Google's Android outranked Apple's iPhone in total smartphone subscribers in the U.S. at the end of the fourth quarter of 2010, according to survey data released Monday by market research company comScore.
Android accounted for 28.7% of the 63.2 million U.S. smartphone owners at the end of December, up from 21.4% at the end of September, comScore said. It based its findings on a survey of more than 12,000 smartphone subscribers ages 13 and older.
Android's upward climb put it in second position behind BlackBerry maker Research In Motion at the end of December, pushing down Apple iPhone subscribers from second to third place by the end of the fourth quarter. The iPhone accounted for 24.3% of U.S. subscribers at the end of September, rising to 25% by the end of December.
Subscribers to RIM's BlackBerries dropped from 37.3% to 31.6%, comScore noted.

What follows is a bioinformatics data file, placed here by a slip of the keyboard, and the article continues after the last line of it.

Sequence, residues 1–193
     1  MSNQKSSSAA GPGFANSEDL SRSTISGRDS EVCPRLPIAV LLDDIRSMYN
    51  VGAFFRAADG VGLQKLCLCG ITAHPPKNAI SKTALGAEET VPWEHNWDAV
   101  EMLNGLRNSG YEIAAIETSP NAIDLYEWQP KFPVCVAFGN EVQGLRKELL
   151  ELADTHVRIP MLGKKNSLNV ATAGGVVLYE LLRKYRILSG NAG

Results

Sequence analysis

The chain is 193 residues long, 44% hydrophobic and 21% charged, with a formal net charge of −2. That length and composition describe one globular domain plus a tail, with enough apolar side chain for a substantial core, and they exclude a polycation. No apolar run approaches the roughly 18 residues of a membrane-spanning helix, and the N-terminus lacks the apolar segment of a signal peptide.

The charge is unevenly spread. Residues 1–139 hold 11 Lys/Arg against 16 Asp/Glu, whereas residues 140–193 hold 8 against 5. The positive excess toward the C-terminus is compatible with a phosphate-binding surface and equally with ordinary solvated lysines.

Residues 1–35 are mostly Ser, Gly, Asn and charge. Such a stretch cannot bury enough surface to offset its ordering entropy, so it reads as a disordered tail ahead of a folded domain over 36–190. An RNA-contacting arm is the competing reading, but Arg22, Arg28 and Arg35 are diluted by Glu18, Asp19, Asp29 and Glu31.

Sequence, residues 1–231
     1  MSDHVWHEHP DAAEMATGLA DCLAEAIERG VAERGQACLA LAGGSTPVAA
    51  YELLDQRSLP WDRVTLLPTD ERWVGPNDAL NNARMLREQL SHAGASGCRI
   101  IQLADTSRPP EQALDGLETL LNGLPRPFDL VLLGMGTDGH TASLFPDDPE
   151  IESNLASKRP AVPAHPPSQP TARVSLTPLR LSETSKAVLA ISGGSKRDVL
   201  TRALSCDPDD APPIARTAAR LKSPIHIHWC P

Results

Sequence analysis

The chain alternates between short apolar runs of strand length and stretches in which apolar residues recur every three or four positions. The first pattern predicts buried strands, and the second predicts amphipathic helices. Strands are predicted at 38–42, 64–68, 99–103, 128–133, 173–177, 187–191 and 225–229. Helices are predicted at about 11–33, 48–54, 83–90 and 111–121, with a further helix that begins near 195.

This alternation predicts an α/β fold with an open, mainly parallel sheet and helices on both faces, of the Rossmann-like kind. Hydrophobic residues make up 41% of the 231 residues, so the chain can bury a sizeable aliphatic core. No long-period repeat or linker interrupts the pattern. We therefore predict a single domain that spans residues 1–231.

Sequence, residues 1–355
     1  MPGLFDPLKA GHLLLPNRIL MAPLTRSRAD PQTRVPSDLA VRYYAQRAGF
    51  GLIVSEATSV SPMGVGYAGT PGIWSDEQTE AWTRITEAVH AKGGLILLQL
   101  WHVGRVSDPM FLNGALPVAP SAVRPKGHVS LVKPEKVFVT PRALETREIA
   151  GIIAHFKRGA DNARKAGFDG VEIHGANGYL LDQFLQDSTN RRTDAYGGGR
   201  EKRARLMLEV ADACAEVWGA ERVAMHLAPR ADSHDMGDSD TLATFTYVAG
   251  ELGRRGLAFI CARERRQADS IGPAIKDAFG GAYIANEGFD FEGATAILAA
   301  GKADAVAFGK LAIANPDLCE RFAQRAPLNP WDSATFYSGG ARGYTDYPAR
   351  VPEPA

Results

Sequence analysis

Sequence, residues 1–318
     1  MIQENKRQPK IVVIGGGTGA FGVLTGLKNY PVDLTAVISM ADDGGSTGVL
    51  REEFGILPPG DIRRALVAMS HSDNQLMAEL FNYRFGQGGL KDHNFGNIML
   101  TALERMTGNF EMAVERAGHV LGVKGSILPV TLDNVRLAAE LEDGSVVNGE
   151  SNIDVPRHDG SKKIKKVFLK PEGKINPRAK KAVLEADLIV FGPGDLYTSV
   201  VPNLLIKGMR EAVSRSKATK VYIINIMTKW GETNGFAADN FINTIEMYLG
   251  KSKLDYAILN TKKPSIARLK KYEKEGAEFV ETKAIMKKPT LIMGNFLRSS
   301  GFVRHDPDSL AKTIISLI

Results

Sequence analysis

Android's ascendancy has been shown in other reports, including those from research firms Canalys and IDC.
Users of the Palm and Microsoft operating systems also declined over the last three months of 2010, despite the introduction of Windows Mobile Phone 7, comScore noted.
Similar to IDC's finding that Samsung led the worldwide smartphone market in shipments, comScore said Samsung led in the U.S., with 24.8% of subscribers using Samsung devices at the end of December, up from 23.5% at the end of September. Samsung was followed by LG, Motorola, RIM and Nokia.
Nokia had more than 33% of the global smartphone market at the end of 2010, retaining its top position worldwide, IDC said. However, comScore put Nokia's subscriber number at just 7% in the U.S. at the end of December.
Matt Hamblen covers mobile and wireless, smartphones and other handhelds, and wireless networking for Computerworld. Follow Matt on Twitter at @matthamblen or subscribe to Matt's RSS feed. His e-mail address is firstname.lastname@example.org.